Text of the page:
Building a Culture of Choice with Kids

Creating a culture of choice can be hard. Most people, especially young people, aren’t used to getting to choose how to spend their time, whom to spend time with, and what it means to take responsibility for those choices. It takes time, energy, and skill to artfully navigate in a world in which you are in control of your own choices. At Stomping Ground, we are constantly developing new systems to help first-time campers transition into a new community. Our goal is to create a community of self-directed individuals that live together and treat each other with racial empathy, so that we can all be inspired to help the world be far more empathetic.

There is a lot that goes into this process. Here are some of the cornerstones:

Empathy and Connection

It's Good to be Together Camp Stomping Ground

At our overnight summer camp, we work hard to create an environment where kindness, compassion, and openness thrive. This starts by each of our staff finding ways to build individual relationships with kids and helping facilitate those connections amongst campers. It also is reflected in our camp rituals. 

At the beginning of each week, we bring up our giant dreamcatcher, which represents the camp community. We spray bleach, paint, glitter, etc on the dreamcatcher and explain that camp will have ups and downs. That if we support each other, like the knots in the dreamcatcher, this can be the best week of our lives. 

At the end of each night at camp, to remind ourselves of this community, we form a camp-wide circle and say, “It’s Good to Be Together” three times. This acts as a simple and engaging reminder for all of us, that more than anything camp is about the people. 

Finally, at the end of the week we cut up the dreamcatcher and give each person at camp a bracelet from the dreamcatcher string and encourage them to take a piece of camp with them into the rest of the world. 

These rituals are simple and may not seem like much, but we have had countless campers reference back to the dreamcatcher as a way of explaining why camp is special. These ceremonies and personal relationships are the building blocks of our empathetic culture.

Simple Ways to Have Your Voice Heard

Dreamcatcher Camp Stomping Ground

We believe that children are at their best when they can trust that their opinions, safety, and well-being are being taken seriously by the other people in the community. Kids are most comfortable knowing there is a system in place to resolve conflict. At Stomping Ground, we use our version of a restorative peace circle. We call it the Circle System.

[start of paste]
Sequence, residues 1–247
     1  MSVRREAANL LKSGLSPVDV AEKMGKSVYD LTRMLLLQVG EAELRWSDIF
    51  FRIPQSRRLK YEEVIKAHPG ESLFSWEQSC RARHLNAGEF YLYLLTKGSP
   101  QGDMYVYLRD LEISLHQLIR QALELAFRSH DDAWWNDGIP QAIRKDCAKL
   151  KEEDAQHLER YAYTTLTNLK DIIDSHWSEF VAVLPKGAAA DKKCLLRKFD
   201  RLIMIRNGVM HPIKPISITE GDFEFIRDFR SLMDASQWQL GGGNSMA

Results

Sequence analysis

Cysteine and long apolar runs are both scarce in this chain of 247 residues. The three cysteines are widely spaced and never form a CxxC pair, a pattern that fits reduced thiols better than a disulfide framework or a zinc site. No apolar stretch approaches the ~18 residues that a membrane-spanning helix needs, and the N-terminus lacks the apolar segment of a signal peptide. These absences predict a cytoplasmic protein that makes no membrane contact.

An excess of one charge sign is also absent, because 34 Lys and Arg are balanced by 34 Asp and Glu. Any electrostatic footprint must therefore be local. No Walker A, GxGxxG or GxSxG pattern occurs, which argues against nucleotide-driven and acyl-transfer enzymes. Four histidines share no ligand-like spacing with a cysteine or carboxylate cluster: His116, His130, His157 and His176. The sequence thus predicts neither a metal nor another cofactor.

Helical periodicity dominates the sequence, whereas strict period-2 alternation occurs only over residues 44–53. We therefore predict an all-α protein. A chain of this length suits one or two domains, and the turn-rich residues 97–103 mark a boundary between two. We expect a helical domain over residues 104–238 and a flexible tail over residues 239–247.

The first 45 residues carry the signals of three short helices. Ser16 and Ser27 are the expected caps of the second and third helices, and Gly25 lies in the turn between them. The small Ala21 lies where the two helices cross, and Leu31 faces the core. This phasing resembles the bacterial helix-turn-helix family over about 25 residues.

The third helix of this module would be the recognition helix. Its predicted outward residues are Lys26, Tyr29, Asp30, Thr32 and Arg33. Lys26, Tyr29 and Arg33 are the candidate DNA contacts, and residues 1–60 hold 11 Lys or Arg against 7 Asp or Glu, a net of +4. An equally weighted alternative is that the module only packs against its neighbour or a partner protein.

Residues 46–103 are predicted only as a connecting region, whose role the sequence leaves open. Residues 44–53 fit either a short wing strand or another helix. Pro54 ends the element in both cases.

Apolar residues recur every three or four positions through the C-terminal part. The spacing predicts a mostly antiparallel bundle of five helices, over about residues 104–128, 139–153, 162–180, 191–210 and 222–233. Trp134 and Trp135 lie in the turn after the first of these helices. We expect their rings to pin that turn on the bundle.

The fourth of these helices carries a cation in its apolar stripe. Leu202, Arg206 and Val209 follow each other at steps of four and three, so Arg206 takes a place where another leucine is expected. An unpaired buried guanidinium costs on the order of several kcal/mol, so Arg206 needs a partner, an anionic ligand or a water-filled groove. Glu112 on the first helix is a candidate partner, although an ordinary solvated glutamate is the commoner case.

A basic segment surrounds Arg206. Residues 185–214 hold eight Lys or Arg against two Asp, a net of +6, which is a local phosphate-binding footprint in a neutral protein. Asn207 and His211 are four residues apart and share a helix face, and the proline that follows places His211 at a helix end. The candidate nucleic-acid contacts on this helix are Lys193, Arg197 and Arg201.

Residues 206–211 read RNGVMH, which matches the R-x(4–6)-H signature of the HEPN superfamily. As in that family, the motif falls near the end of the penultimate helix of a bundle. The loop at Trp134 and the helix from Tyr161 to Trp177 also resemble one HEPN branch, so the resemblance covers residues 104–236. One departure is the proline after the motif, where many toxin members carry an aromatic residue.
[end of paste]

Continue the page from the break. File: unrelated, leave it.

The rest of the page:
We believe that children are at their best when they can trust that their opinions, safety, and well-being are being taken seriously by the other people in the community. Establishing that trust and giving campers control flips the paradigm on bullying and teasing. Instead of campers being afraid to be a tattle tail, they are empowered to stick up for themselves and to begin the process of healing harm, mitigating future harm, and building community. You can read more about the circle system here.

Engaged Adult Role Models That Are Helpers Not Judges

Part of the secret sauce that makes all summer camps special is the staff. Almost no place else on the planet are there these really cool 18-25 year olds who all want to make a positive impact on kids’ lives. At Stomping Ground, we are incredibly intentional about helping our staff partner with kids to help each camper get what they want out of camp. Camp staff are in a unique position. For most kids, our staff are just cool slightly older friends that are there when they need a hand, are looking for a fun game, or just can’t reach the ketchup.

Our staff come from all over the country to reimagine a more perfect world at camp. They are musicians, college kids, AmeriCorp volunteers, EMTs, entrepreneurs, and more. The one thing they have in common is a commitment to changing the adult-child paradigm from “power-over” to “partner-with.” Plus, they are so fun.

Exciting Consensual Offerings and Events

Helpers not judges at camp

One of the ways to ease into a very free community is to have a number of structured offerings for kids. During a day at Stomping Ground, kids have a chance to explore our intentionally crafted and exciting activities. These activities are things like archery, dodgeball, felting, swimming, Christmas in July, boating, dance, shaving cream wars, color parties, and more. They can also choose to get up to their own stuff in Downtown Stomping Ground (DTSG). DTSG is the center of camp. We have hammocks, games, arts and craft supplies, legos, and more. These loose parts create the perfect environment for kids to design their own games, hangout, read, or just chill.

The key to our structure is that kids looking for stimuli and activities from staff can opt into counselor-lead activities, and kids looking to make up their own activities can do that as well. This culture of consent and structured offerings has proven to be a great bridge for kids not used to having this level of choice in their daily lives. We are able to create an autonomous environment that is comfortable and safe by combining the power of individual relationships and systems thinking. Our systems constantly evolve to better suit the needs of campers and our staff are motivated to find new and authentic ways build honest connections with every child.

I would love to talk more about how this plays out at camp. Give me a call or send me an email.

(585) 451-5141

Jack Schott